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EDITOR’S NOTE: This is the first of two parts on a recent student gaming showcase sponsored by Station Casinos in partnership with UNLV. It was held at Red Rock Casino & Resort.

It was my privilege to attend a seminar involving UNLV college students in the university’s Center for Gaming Innovation.

The center is supported through a grant from the state’s Knowledge Fund and helps students develop gaming concepts into commercially viable gaming products and builds an entrepreneurial spirit within the student community. The Center is run by Dr. Mark Yoseloff, formerly the CEO of Shuffle Master.

Through the years, I’ve written many columns about game design frequently stating it is impossible to determine which game will succeed. The only thing that can usually be done is tell which ones will almost certainly fail.

I found the games presented to be a good mix of game ideas. Some were more innovative than others. One game was completely fresh, while others were twists on existing ones. I don’t consider this latter category to be problematic. While I don’t respect copying someone else’s game and making one minor change (if that much), I do believe in taking an existing game and twisting it a bit.

Some people might think Four Card Poker is merely a cheap copy of Three Card Poker with little innovation. It is a highly successful game with a several year gap between Three Card Poker and Four Card Poker. If it was so obvious, how come no one thought of it before it actually happened? The goal in the industry is to make money, not necessarily to invent something so new and different.

Even the Odds was by far the most unique and innovative of the games. My first take was I didn’t really like it much. But, as I watched the game play, I warmed up to it. It is a bit quirky and at first seems overly simplistic. But then you realize there is a bit more strategy to it than meets the eye.

Game play is rather straight forward. The player makes a wager and is dealt two cards face up with a third card face down. The dealer’s first two cards are dealt face up as well. The twist in the game is that the hand point total (using a BJ type ranking, but a hand can go over 21) must be even. If you have an odd point total, it counts as a busted hand.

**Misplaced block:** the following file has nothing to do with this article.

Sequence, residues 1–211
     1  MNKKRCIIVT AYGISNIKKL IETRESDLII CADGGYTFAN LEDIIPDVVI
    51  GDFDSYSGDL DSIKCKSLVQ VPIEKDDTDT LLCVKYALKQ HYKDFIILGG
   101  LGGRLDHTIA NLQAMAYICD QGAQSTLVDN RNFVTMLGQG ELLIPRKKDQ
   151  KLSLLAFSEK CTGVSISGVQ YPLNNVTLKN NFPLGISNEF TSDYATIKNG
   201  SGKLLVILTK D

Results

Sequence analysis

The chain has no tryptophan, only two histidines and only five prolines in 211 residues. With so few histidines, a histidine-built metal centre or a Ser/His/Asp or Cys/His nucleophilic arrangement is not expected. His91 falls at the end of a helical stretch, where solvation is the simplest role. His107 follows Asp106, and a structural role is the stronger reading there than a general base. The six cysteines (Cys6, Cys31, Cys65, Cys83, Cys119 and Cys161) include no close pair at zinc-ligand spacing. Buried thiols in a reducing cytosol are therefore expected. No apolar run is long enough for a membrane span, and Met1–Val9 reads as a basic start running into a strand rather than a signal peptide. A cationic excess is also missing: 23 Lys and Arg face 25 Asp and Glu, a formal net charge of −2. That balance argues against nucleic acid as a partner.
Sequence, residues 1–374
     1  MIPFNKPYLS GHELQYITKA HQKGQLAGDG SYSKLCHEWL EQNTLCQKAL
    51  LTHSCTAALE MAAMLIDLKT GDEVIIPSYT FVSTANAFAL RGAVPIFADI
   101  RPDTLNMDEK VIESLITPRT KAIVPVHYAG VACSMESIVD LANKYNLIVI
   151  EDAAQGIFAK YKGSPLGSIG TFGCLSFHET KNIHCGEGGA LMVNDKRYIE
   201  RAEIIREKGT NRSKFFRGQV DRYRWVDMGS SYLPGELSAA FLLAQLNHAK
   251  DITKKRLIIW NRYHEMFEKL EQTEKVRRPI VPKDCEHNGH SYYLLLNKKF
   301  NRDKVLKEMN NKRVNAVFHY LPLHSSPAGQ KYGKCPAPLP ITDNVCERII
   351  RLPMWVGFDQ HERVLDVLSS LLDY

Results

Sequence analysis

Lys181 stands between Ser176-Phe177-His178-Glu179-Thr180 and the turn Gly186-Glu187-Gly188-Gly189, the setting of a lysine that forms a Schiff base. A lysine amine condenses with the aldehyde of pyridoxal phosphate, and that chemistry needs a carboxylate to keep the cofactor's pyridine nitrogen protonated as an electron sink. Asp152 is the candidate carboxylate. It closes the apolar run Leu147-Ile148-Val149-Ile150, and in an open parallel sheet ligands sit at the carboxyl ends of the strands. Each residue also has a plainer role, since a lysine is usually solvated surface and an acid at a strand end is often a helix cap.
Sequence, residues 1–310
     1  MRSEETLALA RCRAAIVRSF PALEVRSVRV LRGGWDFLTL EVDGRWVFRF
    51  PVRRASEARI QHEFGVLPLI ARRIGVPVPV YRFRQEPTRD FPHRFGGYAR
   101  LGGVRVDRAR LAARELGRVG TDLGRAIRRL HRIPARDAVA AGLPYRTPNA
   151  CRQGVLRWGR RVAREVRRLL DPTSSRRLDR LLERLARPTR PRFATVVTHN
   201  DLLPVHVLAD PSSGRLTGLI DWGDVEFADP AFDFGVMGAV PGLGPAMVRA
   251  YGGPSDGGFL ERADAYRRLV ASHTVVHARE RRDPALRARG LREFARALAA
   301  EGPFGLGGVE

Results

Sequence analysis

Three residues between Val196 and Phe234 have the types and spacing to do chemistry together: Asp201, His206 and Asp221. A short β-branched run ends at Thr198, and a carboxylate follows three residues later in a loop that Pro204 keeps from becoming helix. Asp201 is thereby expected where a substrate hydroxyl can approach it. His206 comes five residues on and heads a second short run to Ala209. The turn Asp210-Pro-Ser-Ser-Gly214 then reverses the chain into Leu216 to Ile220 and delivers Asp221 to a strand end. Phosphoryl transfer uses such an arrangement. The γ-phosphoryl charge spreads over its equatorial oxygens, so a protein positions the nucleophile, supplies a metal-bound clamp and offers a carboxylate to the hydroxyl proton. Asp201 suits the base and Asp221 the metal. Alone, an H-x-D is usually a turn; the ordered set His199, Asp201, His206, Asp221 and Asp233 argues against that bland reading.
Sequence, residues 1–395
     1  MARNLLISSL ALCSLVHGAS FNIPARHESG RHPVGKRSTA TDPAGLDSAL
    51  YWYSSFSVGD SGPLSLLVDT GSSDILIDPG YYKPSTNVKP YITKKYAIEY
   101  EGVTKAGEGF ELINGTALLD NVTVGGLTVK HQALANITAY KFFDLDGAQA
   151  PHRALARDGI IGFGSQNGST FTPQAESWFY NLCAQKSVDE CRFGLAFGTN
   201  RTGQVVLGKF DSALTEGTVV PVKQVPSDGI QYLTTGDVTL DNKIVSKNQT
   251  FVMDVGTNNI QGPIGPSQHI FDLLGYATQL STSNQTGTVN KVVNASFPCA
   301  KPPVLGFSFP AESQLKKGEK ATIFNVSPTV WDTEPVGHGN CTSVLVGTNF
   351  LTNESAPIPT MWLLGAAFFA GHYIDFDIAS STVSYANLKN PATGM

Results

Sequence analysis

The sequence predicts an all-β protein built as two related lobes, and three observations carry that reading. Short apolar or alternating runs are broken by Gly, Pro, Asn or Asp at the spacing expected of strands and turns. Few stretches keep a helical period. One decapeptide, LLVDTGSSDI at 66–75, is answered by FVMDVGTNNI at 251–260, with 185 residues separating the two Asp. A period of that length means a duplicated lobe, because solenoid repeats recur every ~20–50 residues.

After reviewing your first two cards, the player may stick on that point total or ask for the third card to be turned over. If the player’s point total is odd, he busts and loses his wager. If it is even, it stays in play to the dealer’s three card hand. The dealer’s third card will be dealt regardless.

The player has to decide whether to stick on a lower even hand hoping the dealer will bust or to risk hitting and winding up with an odd hand. There is also an optional sidebet based on the four cards initially exposed (Player 2 and Dealer 2).

The next game, Super Three Card, is a Three Card Poker variant, but dealt from a multi-deck shoe. The player makes an initial Ante and Odds wager. Each player is dealt two cards face up and the dealer is dealt one card face up. The player must now decide whether to Fold, which forfeits the ante wager only as the odds bet is returned to the player, or to play by making an additional wager equal to the ante.

The player is given his third card, the dealer completes his three-card hand and the comparison takes place. The dealer does not need to qualify in this game. The optional Big Hand Bonus is essentially Pair Plus but is based on the player’s initial two cards and the dealer’s initial card.

The game was a bit slow. The dealer deals the initial two-card hands and has to first stop to resolve the Big Hand Bonus. Then he has to go around again and find out who is playing. Then he deals another card and has to resolve the base wager. The number of hands per hour might hurt the game a little.

Casino Battle is a Casino War variant, which I’m guessing won’t surprise you based on the name. To be honest, I found this game to be the least innovative. As stated earlier, this is not necessarily a bad thing.

The player makes an initial Battle wager and is dealt two cards. The dealer rearranges the cards into High and Low. The dealer does the same with his own cards. Now a simple War-type comparison takes place. The High card is compared to the High card. Whoever has the higher card wins. If the two cards tie, then the Low cards are compared.

If a Double Tie ensues, the dealer wins. This presumably does not create enough house edge (as unlike Casino War, there is no additional wager), so a player hand of 5-high or lower (both High and Low cards are 2 through 5) is an automatic loss for the player. There are two optional sidebets, one based on the player’s two-card hand and one based on a four-card hand consisting of the player and dealer cards.

Next week: A look at Super Blackjack and Show Pai.

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Elliot Frome is a second generation gaming analyst and author. His math credits include Ultimate Texas Hold’em, Mississippi Stud, House Money and many other games. His website is Email: [email protected].

About the Author

Elliot Frome

Elliot Frome’s roots run deep into gaming theory and analysis. His father, Lenny, was a pioneer in developing video poker strategy in the 1980s and is credited with raising its popularity to dizzying heights. Elliot is a second generation gaming author and analyst with nearly 20 years of programming experience.

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